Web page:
Amendment Legal Battle Continues

Anita Wadhwani, The Tennessean, December 30, 2014.

The legal battle continues over Tennessee’s Amendment 1, with opponents of the abortion measure calling the election process “tainted” and asking a federal judge to allow a lawsuit to continue that seeks to either re-count or reject the vote count in favor of the measure.

Amendment 1 passed with 53 percent of the vote on Nov. 4. The measure, which gives lawmakers more power to restrict or regulate abortion, was one of the most hotly contested in Tennessee’s general election. Since its passage, lawmakers have already stepped forward to propose new restrictions including waiting periods, mandatory ultrasounds and new inspections of abortion clinics.

But eight Tennessee voters who oppose the measure almost immediately stepped forward to challenge the state’s vote tabulation methods. Led by Vanderbilt law professor Tracey George, who also serves as board chair of Planned Parenthood of Middle & East Tennessee and was a coordinator of the Vote No on 1 campaign, the voters filed suit in the U.S. District Court of Middle Tennessee three days after the election. State officials have asked the court to dismiss the lawsuit. On Tuesday the plaintiffs responded, calling the vote “tainted” and accusing state officials of violating voting rights “in actions that were consistent with their own political agendas.”

At issue is language in the Tennessee Constitution describing how votes for amendments must be counted.

Unlike votes for candidates, where a simple majority of votes determines the winner, Tennessee’s constitution lays out a different process for amendment votes.

For an amendment to succeed, it must be ratified “by a majority of all the citizens of the state voting for governor, voting in their favor,” the Constitution states.

State election officials interpreted this to mean that passage of an amendment depends on comparing the number of votes cast for governor with the number of votes cast for an amendment. To succeed an amendment must have garnered a majority of the number of votes cast for governor.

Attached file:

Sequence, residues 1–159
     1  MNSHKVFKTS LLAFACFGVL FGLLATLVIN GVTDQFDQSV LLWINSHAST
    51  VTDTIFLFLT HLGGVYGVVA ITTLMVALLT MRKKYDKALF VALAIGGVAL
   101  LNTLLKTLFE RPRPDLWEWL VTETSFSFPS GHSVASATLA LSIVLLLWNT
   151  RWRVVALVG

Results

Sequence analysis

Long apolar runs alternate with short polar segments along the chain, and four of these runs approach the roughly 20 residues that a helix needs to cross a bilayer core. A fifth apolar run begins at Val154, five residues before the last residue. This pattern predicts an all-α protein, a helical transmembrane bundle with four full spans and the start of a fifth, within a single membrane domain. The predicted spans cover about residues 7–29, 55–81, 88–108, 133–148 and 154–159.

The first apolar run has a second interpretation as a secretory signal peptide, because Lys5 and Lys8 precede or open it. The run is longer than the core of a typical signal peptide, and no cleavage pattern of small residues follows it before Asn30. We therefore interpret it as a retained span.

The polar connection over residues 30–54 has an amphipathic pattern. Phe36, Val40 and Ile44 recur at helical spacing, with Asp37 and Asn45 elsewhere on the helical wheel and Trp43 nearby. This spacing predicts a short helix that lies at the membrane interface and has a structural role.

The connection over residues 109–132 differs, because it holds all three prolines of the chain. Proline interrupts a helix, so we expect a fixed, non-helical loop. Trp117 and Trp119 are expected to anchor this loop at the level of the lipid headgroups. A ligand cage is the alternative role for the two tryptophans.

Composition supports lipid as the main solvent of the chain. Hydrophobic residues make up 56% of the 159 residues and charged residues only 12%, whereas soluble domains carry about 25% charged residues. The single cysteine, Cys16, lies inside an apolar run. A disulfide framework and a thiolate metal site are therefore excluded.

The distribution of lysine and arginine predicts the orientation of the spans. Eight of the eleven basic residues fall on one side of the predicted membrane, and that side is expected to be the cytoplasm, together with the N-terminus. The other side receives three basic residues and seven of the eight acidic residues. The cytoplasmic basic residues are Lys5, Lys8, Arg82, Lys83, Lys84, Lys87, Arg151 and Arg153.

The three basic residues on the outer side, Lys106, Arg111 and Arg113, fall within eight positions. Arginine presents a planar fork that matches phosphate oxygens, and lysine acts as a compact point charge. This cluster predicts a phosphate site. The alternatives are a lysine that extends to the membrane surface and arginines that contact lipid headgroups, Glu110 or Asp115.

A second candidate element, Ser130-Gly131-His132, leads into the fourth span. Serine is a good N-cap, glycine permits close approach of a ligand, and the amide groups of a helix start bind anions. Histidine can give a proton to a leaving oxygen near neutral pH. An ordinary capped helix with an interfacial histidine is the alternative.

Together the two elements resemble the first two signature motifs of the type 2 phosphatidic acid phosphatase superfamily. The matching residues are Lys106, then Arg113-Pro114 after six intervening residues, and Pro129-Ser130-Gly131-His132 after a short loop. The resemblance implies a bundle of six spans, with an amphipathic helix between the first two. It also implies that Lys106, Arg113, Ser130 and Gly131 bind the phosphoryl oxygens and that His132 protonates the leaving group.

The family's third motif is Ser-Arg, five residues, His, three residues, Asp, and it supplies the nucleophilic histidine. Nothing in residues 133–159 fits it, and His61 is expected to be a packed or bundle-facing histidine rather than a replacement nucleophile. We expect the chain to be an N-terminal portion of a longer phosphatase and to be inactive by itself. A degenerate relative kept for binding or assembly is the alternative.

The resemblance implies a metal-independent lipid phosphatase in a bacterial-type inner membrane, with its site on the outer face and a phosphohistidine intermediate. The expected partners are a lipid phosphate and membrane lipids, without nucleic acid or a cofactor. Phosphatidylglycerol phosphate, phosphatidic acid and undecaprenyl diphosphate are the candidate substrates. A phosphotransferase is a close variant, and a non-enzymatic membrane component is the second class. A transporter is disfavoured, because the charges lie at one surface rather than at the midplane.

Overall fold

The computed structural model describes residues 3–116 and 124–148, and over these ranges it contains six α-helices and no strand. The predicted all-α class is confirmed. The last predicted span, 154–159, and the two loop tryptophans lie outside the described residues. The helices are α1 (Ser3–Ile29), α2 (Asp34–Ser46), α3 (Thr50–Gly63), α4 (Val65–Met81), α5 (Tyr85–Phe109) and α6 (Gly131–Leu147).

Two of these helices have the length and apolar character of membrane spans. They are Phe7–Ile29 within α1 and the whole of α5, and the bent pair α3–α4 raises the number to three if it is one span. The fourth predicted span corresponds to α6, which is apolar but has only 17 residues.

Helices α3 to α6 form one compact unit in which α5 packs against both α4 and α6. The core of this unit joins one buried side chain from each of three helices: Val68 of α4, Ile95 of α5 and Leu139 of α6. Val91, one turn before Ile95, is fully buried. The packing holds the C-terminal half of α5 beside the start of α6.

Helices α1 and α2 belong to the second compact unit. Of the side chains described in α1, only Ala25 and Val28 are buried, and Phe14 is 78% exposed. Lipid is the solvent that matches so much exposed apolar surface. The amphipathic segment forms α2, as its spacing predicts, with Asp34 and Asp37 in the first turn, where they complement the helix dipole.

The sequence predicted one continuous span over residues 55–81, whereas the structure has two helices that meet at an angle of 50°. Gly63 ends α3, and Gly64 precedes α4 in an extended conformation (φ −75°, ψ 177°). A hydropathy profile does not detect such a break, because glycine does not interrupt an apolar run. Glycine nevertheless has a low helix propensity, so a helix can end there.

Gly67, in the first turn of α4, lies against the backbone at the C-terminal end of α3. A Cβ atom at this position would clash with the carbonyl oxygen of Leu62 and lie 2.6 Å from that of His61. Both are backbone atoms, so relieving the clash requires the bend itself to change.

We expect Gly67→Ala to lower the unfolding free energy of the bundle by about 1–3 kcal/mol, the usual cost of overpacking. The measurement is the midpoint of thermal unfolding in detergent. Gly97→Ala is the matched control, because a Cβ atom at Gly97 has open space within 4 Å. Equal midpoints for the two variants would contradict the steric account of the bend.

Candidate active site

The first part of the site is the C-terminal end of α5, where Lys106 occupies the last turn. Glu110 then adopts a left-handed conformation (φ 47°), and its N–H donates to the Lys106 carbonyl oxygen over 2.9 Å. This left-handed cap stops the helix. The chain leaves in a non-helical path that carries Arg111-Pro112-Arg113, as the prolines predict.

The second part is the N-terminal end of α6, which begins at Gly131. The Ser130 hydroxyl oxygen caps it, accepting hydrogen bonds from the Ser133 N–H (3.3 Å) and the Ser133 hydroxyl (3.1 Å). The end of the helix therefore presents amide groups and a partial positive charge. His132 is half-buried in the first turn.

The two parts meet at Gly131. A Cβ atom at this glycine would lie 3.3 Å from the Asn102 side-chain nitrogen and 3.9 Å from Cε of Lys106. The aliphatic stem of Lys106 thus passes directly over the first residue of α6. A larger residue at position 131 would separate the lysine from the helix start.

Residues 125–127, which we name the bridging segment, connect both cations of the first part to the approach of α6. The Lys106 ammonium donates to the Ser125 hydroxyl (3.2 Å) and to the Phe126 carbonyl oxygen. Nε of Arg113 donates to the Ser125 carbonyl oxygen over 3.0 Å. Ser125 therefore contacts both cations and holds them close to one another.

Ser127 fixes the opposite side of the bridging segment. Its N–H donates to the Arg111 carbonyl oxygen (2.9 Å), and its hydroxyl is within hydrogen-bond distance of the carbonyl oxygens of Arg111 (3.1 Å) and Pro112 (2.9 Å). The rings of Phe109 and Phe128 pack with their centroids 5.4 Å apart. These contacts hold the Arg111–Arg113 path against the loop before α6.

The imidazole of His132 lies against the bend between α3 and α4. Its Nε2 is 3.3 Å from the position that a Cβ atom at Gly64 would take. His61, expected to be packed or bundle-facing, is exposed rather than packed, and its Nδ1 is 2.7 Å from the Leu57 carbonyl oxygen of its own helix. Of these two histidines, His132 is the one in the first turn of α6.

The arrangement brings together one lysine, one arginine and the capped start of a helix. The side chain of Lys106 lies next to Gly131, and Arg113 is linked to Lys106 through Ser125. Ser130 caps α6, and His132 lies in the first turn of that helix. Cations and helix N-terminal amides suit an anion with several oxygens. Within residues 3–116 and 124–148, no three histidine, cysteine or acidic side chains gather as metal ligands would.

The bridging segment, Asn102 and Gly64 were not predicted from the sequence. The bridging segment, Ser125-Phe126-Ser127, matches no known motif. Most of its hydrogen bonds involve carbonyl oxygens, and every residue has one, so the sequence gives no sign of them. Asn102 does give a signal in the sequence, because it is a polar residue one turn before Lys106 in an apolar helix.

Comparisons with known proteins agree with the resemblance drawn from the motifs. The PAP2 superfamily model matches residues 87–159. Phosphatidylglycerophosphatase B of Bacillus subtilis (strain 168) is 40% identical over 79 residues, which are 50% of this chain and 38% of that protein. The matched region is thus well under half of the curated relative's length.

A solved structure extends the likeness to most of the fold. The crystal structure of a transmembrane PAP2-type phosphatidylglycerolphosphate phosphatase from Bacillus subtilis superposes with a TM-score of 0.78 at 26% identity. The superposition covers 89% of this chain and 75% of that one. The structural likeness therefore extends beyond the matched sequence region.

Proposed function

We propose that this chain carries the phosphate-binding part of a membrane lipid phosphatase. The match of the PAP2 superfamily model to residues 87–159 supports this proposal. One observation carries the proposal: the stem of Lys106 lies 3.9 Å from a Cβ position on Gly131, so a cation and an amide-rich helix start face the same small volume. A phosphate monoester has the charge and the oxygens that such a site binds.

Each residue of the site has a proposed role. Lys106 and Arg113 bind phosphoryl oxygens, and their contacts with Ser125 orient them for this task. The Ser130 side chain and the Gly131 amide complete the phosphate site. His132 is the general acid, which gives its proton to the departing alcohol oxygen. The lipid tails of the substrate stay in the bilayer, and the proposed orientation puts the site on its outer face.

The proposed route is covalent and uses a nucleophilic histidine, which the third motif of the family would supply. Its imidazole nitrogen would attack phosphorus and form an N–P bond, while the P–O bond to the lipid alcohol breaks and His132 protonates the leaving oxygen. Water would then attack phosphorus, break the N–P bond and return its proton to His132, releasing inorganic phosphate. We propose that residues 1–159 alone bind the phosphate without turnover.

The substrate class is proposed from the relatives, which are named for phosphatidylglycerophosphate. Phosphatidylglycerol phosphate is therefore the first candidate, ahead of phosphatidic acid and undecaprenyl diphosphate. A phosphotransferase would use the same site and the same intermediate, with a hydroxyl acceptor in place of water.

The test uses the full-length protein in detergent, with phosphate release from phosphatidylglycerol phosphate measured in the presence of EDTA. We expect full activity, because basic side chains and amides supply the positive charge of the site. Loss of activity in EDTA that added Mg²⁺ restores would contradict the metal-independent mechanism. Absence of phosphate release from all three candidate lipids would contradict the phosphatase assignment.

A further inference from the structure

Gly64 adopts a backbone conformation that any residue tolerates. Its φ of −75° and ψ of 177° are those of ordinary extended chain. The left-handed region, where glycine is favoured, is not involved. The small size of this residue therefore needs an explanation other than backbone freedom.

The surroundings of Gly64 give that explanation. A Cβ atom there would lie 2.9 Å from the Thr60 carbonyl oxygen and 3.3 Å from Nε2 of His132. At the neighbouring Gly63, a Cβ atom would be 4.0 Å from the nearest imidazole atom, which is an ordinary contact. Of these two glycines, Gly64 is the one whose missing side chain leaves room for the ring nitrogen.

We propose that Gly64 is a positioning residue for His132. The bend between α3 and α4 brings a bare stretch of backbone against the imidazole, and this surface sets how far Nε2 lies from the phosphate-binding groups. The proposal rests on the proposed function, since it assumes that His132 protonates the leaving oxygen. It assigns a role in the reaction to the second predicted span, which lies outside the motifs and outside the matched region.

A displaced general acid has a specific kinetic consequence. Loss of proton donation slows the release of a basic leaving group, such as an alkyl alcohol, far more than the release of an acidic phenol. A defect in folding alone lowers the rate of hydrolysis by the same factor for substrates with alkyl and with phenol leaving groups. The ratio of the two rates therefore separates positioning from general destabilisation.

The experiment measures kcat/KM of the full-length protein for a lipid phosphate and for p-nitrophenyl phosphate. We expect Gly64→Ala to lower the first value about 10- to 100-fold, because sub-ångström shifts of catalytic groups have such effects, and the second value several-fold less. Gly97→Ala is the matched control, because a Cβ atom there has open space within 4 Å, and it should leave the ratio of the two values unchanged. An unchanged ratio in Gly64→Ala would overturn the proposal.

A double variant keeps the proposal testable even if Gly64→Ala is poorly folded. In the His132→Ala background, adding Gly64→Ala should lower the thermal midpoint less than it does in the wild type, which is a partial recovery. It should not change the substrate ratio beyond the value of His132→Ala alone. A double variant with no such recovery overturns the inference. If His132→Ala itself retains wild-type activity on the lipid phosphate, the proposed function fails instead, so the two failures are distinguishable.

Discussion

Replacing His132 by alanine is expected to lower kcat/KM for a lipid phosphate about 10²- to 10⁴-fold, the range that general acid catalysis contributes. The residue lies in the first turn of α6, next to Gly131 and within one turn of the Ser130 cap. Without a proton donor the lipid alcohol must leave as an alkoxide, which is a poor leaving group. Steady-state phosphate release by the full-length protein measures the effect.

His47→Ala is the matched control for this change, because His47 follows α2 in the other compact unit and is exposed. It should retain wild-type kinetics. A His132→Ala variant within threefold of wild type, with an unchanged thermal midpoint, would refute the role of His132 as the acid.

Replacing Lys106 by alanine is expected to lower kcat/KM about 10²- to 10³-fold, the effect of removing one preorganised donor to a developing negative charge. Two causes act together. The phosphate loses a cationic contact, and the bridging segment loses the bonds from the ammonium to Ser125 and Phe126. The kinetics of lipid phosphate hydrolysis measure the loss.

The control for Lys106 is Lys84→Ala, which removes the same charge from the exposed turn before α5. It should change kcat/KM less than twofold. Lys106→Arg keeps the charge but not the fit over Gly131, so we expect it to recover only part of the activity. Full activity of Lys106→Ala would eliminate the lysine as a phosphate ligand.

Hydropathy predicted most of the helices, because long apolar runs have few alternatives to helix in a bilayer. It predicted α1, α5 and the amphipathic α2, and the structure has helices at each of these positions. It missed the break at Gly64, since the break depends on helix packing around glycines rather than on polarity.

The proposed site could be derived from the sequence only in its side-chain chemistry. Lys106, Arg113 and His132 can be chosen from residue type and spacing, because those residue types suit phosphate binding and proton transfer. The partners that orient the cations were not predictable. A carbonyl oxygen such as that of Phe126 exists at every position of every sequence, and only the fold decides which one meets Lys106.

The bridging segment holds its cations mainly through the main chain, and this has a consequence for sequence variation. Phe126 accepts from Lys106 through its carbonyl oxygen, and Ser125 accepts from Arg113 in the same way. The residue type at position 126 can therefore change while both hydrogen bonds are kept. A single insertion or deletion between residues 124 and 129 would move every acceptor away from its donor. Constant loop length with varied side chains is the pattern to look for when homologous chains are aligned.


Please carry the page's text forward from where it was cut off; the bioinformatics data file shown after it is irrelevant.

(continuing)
Those challenging the tabulation process say the constitutional language means that the state must count only the votes of those who cast ballots in both the governor’s race and on the amendment to determine whether a majority of those casting votes in the governor’s race also cast votes on the abortion amendment.

During the campaign, some proponents of the measure urged voters to abstain from voting in the governor’s race to boost the chances of the measure’s passage.

More than 32,000 more people voted on Amendment 1 than did for governor, according to election officials who have certified the results of the Amendment 1 vote. The measure, however, passed by a margin of more than 71,000 votes. Election officials are awaiting approval from the General Assembly to officially certify the votes for governor.

Opponents of the measure said the result of the state’s methods of counting votes was to “dilute the ‘no’ votes and increase the voting power of ‘yes’ votes was then reinforced by supporters of Amendment 1...”

They have pointed out that Tennessee’s coordinator of elections, Mark Goins, and Secretary of State Tre Hargett, who are both defendants in the case, backed versions of the measure when they served in the legislature.

It will be up to U.S. District Court Judge Joe Haynes to decide whether the case proceeds. Two other federal judges, Tom Campbell and John Nixon, both recused themselves from the case.

Read the entire article on The Tennessean's website here.


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